Investors interested in this should be careful to avoid promises that sound empty, because they probably are with these vehicles, writes Stan Haithcock of Stantheannuityman.com.
Most people would agree with the old saying, “The worst part of a party is the cleanup afterwards.” For the variable-annuity industry, the same may be true.
Sales have been skyrocketing for variable annuities. Advisors, brokers, and insurance agents have been eager to sell the product to investors, on the premise of all the upside from the market and none of the downside risk.
They forgot one simple fact: what if it doesn’t work? What if the equity markets don’t perform, and we actually have to pay the income benefits to the policyholders? That is the question now facing insurance companies.
In recent months we have seen John Hancock, Sun Life, and many others exit the variable-annuity business altogether due to the exposure to products issued over the last three to five years. That risk is only growing with each policy issued and the increased volatility in the stock market.
Investors are beginning to catch on. The realization of the discrepancy between what they bought versus what they “believe” they bought is hitting home.
The income rider is just that, an income rider. You only get access to the money promised through an income stream over your lifetime. This is not money that you can access lump sum.
The account balance (also called the “accumulation value”) on any given day is your money. Everything else is on paper, and has strings attached.
Understanding and untangling those strings is the challenge you face if you own one of these variable-annuity contracts. (For those of you considering one, make sure the music you are hearing during the sales process isn’t going to be out of tune when you need the money.)
The saddest part of this “party” is the age of the person purchasing these variable annuities. From my experience and travels across the country, the people purchasing VAs are not 50 to 55 year olds, but rather 70 to 75 year olds.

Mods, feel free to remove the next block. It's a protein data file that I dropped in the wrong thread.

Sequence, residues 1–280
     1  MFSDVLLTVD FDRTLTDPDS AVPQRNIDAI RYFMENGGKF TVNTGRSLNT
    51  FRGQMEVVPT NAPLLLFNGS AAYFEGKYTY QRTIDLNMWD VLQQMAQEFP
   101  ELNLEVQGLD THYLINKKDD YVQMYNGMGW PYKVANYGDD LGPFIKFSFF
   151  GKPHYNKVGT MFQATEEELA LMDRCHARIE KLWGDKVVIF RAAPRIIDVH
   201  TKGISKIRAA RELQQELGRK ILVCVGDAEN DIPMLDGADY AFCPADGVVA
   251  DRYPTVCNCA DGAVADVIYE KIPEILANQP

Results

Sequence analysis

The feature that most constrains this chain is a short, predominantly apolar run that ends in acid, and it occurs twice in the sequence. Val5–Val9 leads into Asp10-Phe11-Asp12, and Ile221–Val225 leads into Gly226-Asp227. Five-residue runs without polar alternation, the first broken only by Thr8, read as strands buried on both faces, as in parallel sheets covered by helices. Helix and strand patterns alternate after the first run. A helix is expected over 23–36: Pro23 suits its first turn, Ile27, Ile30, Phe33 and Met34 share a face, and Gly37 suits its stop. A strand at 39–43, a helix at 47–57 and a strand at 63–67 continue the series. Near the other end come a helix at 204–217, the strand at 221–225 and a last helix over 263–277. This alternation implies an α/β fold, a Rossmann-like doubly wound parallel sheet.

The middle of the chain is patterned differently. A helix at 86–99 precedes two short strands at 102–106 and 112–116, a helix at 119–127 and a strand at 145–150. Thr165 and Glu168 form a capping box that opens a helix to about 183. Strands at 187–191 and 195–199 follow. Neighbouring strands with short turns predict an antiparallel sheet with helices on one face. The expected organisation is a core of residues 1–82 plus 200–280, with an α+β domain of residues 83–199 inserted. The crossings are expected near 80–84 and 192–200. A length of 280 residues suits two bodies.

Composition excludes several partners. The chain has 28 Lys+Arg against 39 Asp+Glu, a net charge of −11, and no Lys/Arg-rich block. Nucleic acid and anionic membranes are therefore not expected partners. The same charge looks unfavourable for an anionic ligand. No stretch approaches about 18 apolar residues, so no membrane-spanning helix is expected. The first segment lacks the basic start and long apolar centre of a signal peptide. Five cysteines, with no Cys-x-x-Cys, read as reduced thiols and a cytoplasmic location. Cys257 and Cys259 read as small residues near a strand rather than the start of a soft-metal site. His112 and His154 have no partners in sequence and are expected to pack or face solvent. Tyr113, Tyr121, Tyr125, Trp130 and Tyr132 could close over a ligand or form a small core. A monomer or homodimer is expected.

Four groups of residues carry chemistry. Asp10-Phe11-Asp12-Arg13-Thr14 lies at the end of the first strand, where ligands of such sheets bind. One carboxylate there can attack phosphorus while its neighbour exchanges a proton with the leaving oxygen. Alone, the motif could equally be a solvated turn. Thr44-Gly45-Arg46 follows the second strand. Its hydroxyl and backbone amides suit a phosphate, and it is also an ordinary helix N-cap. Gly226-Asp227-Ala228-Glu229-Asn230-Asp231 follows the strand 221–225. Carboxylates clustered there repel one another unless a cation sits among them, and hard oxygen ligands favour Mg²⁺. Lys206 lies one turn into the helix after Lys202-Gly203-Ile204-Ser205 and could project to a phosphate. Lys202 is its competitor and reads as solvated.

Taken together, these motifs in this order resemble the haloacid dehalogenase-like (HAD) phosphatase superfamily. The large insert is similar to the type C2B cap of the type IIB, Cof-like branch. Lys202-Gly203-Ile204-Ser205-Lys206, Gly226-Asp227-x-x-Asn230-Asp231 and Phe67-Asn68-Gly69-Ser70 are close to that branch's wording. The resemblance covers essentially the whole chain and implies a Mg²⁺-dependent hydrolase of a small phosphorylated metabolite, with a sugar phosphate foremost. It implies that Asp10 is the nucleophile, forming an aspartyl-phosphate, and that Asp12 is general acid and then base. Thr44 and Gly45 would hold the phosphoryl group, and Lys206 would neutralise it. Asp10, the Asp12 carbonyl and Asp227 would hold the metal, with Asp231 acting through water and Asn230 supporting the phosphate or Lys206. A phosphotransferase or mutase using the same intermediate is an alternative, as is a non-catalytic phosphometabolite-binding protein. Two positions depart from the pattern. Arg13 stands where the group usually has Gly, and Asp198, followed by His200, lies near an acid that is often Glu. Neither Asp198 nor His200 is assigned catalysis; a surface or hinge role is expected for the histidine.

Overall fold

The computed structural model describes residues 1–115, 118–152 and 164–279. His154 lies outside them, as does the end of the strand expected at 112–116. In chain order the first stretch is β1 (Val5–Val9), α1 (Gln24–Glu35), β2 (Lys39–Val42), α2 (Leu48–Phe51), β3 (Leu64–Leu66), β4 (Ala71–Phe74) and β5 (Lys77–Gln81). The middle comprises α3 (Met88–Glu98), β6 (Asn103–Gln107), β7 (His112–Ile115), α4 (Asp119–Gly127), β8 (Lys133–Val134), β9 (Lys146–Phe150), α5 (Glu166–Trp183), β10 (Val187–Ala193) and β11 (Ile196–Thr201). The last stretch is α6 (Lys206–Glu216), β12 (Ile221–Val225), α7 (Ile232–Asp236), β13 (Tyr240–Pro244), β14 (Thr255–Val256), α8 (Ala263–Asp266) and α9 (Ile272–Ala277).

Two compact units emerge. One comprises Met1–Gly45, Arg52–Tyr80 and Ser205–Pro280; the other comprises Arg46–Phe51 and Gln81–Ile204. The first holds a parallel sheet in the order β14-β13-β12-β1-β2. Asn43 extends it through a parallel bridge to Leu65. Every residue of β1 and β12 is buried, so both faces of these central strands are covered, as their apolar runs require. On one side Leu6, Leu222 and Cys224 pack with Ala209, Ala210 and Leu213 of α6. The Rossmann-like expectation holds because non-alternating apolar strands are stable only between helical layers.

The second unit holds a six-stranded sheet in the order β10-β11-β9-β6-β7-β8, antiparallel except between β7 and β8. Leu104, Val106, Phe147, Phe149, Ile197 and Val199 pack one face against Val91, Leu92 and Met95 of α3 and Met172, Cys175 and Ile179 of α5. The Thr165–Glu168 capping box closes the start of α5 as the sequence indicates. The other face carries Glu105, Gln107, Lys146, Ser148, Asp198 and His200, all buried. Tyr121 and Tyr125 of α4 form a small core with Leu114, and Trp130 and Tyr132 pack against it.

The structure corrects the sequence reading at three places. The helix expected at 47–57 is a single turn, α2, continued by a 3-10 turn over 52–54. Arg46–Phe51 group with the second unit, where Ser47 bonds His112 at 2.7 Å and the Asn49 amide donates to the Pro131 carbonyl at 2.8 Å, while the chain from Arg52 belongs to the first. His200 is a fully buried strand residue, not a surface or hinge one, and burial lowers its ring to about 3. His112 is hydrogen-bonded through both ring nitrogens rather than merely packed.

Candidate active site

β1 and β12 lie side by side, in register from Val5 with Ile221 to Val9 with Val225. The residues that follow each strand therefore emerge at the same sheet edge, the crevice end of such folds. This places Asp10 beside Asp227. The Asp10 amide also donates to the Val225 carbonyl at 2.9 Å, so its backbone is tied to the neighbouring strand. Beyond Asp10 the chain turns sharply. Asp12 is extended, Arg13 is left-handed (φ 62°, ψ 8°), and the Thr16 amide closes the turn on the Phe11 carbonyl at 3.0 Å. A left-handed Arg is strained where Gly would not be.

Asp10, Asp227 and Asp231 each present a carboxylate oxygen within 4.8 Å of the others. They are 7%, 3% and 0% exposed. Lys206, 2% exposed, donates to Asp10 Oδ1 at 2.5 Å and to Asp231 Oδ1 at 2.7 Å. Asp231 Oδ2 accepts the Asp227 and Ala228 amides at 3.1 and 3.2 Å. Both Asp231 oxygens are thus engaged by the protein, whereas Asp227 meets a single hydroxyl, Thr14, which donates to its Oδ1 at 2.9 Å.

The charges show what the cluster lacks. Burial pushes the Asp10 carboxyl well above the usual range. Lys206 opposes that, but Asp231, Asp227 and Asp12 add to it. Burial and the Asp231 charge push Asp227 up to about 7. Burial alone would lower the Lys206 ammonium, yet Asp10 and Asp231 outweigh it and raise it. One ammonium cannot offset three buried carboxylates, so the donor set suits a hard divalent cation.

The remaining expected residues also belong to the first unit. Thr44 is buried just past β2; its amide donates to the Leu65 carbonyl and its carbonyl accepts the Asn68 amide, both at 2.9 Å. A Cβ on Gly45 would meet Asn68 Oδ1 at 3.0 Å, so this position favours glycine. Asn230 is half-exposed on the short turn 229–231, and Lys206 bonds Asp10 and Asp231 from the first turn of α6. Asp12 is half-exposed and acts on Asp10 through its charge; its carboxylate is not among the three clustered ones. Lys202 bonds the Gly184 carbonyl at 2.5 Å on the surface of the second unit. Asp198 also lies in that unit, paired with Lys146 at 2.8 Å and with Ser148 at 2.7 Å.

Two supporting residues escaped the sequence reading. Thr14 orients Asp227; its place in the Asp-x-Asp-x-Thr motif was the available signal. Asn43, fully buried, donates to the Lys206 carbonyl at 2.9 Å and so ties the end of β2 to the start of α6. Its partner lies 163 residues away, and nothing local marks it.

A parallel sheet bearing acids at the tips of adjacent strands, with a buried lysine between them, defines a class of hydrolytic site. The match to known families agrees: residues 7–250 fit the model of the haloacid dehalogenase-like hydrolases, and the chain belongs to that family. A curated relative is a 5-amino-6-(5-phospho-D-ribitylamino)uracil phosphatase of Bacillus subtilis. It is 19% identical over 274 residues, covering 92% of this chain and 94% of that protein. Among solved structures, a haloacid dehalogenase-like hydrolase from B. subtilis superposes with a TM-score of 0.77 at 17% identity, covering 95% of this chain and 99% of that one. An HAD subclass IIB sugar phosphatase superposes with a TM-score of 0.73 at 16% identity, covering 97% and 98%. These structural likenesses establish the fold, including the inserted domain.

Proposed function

The actual statistics may very well be younger, but my conversations concerning these products are with individuals well into their retirement years. That is not when you should be considering a variable annuity—they are designed for early years, or at least ten years prior to retirement, at a minimum.
Remember, the theme is tax-deferred growth, and that takes time. Variable annuities are not built as a guaranteed investment for your heirs.
If you are 70 years old and considering a purchase of one of these variable annuities for a ten-year deferral at X% growth, you will be 80 when you start the income stream. What are the odds you will experience the benefit of this rider for a long enough period to make it profitable?
Remember, time is the key ingredient to the deferral, accumulation, and growth of these contracts. Other points of consideration when looking at variable annuities include:
The bottom line is this: did you wake up today and decide you wanted to buy a variable annuity because you did your research and determined it was a product that would meet your needs financially?
Or...did you get a call from your broker, advisor, insurance agent ,or friend that said she/he wanted to show you a product that provides you the upside of the stock market without the risk? If it is the latter, you owe it to yourself to do some research before you step into something that you may regret in the years to come.
In 1952, variable annuities were introduced for pure tax-deferred growth, with hardly any fees. There are still those types of variable annuities available. However, you will never hear about these no-load variable annuities at a “bad chicken dinner seminar” for the very reasons I outlined earlier.
The no-load variable annuities worth considering that I point my clients to for pure tax-deferred growth are: PerfectVariableAnnuity.com, Fidelity, Vanguard, and Jefferson National.
When it comes to the high-cost, high-fee variable annuities that are being “pitched” as the best thing since sliced bread, I think that the late Don Meredith said it best: “Turn out the lights, the party’s over.”
A news reporter recently called me the National “Annuity Consumer Advocate” in the same vein as Ralph Nader and Clark Howard are for other products and services. I hope to continually educate the public on the complex and sometimes ugly world of annuities.